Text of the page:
29 August 2014

Why Cultural Relativism is Racist

NOWSA 2014 is over. Thankfully, I was in London for part of it. I do not think I could have been any further away from their discussions of “feminist pornography”, “gender-fluidity” and [insert pretentious, academic term for a concept that is actually pretty simple here]. I wrote this post back in July, while I was in Paris, where I had to walk through an onslaught of expensive clothing in order to get to anything I needed, but I was still happy to be away from university for a week (I told my parents that the semester started in August, haha.) Enjoy this post and feel free to leave feedback in the comment section.

One of the organisers of NOWSA 2014 bragged about it being “the yet intersectional one yet”, what I assume the organiser meant is that the conference featured more non-whites and transsexual organisers/speakers and involved discussions of race, disability and just about everything except for the problems that women face as a result of being women. Liberals claim that they are the true opponents of racism what they term “ethnocentrism”, (unlike all those nasty anti-pornography, anti-BDSM, “white” feminists.) They argue for something called “cultural relativism”, the notion that all cultural practices ought to be “respected” (which really means that they ought to be blindly praised and never criticised, no matter how much harm they cause to women.)

As the title implies, my aim in this article is to convince you that cultural relativism is in fact a racist, pro-West viewpoint. If you are not convinced by the end of the article, feel free to leave a comment explaining why.

1. It Makes Non-White People Seem Like Aliens

Liberals promote the view that nobody who has grown up in the West can ever hope to understand a non-Western culture, at least not without studying it at university for years and giving up thousands of dollars in the process, how convenient, right?

While there are indeed a wide variety of cultures in the world, there are certain patterns as well. The oppression of women is one. Most class-divided societies have some kind of mechanism through which to oppress women. Often this takes the form of a beauty practice like foot-binding or neck rings (which deform women’s collarbones in order to make their necks appear longer) or breast implants or any of the other hundred or so beauty practices that are promoted in the West. Perhaps we are not that different after all. 

Class divided cultures also tend to have supernatural and pseudoscientific beliefs that justify the division of humanity into classes. Jews, Christians and Muslims believe in a monotheistic god who commands the existence of a hierarchical society in which some people are enslaved to others. Hindus and Buddhists believe that the world is a place of punishment that people are sent to (through reincarnation) if they fail to reach Nirvana and thus making life better for the poor and oppressed would defeat the whole purpose of their existence on Earth. Then you have the so-called “scientists” who argued that black people’s brains were naturally smaller than white people’s and that blacks were thus suited to the role of being slaves. While ruling classes have used all kinds of different ideological mechanisms to keep the oppressed in their place (thus creating that “cultural diversity” thing liberals are so fond of) all cultures which are the product of an economic system that divides people into classes are fundamentally about the same thing, maintaining that class division.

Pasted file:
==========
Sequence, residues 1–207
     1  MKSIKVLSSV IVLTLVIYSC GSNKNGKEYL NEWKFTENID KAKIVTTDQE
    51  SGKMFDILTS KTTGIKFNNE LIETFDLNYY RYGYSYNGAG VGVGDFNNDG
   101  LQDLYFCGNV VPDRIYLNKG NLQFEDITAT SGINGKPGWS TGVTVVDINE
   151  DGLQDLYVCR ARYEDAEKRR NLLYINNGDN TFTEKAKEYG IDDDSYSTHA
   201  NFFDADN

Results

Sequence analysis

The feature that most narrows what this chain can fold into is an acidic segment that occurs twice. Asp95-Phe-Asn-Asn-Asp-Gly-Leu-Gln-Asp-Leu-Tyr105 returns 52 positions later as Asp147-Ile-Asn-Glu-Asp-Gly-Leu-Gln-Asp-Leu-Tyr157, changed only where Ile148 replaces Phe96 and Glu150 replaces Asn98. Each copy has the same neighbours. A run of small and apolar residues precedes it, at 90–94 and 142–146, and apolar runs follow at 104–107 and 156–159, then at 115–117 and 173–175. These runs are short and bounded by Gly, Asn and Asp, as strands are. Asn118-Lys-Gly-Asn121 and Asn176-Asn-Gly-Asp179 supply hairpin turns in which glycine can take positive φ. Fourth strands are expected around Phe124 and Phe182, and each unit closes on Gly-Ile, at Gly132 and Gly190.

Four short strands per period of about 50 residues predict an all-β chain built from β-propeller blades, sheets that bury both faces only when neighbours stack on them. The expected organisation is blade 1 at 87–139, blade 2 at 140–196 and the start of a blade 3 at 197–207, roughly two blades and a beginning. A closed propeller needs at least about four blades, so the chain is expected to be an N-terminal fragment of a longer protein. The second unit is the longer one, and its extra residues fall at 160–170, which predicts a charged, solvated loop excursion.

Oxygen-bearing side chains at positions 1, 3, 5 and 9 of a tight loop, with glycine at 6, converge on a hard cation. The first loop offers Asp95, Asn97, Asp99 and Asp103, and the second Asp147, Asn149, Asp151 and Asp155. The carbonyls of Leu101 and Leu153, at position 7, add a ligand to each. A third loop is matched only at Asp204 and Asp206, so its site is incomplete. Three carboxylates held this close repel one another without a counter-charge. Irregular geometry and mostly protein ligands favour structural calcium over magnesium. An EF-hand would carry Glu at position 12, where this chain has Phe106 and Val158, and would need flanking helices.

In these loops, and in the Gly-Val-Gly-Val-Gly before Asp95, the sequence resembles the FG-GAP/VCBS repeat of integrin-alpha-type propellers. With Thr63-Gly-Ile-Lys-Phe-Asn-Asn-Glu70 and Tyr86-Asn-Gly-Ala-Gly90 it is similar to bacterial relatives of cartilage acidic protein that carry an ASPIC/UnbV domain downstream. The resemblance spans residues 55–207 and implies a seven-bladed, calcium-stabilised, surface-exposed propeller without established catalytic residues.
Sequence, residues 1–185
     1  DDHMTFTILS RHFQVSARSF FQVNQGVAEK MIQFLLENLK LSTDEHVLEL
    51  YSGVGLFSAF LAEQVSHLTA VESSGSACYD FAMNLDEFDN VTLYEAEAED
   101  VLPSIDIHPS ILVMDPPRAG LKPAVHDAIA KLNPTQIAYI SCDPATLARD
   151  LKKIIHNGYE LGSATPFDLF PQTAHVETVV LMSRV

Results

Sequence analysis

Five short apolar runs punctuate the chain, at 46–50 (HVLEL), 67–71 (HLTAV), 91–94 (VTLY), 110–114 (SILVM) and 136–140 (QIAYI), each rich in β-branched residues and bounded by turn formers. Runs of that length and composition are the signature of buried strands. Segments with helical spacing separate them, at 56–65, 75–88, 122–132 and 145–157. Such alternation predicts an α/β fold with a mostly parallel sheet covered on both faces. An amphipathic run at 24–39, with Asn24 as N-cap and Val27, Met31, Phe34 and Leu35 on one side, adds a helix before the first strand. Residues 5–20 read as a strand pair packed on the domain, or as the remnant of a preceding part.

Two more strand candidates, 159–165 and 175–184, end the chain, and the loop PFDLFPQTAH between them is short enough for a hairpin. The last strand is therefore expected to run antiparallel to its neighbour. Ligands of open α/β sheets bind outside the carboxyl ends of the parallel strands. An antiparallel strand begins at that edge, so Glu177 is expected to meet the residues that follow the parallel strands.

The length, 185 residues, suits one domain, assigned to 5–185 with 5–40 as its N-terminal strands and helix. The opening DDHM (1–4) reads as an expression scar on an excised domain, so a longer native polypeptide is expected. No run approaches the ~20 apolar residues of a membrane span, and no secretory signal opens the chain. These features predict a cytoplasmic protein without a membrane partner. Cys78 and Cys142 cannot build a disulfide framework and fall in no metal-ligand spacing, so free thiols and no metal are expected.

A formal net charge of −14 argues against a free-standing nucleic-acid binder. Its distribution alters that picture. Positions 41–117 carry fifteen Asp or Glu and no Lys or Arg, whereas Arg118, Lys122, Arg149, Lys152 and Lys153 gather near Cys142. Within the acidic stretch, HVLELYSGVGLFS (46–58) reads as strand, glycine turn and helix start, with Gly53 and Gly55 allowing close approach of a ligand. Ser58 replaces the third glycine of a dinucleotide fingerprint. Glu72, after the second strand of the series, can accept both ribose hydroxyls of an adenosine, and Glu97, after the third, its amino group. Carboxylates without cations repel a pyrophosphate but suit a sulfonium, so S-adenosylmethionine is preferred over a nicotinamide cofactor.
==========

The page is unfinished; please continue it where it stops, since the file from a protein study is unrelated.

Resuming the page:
Cultural relativists ignore these patterns in favour of a narrative that makes non-Western cultures seem so different to the culture of the West that those who belong to the former might as well be aliens. Of course they do not call them aliens, but they do go out of their way to emphasise how different non-whites are to white people and how incapable whites are of understanding non-white people. They also denounce any attempt to point out the similarities between people of different ethnic backgrounds. In doing so, cultural relativists set up a false contrast between the cultures in which women are oppressed by various traditional beauty practices and the Western world in which women are supposedly treated like equals. Then they attack Westerns for wanting to impose their “egalitarianism” onto other cultures which refuse to accept the “Western” notion that women ought to be treated like equals. This whole narrative is of course dependent on the (false) assumption that the West does not do the oppressive things that non-Western societies do. So tell me, who are the racists now?

2. It Makes Non-White Groups Seem Internally Homogenous

If the argument I put forward above is correct, it follows from this that all cultures ought to subject to political critique. While it is clear that white people are capable of critiquing the cultures they grew up in and being part of movements that challenge Western cultural practices, cultural relativists assume that all non-Whites are blind followers of their cultures. Thus criticising a non-white person’s culture is deemed to be highly offensive, because there is absolutely no way that they could be criticising it themselves, right? Non-whites are too dumb for that.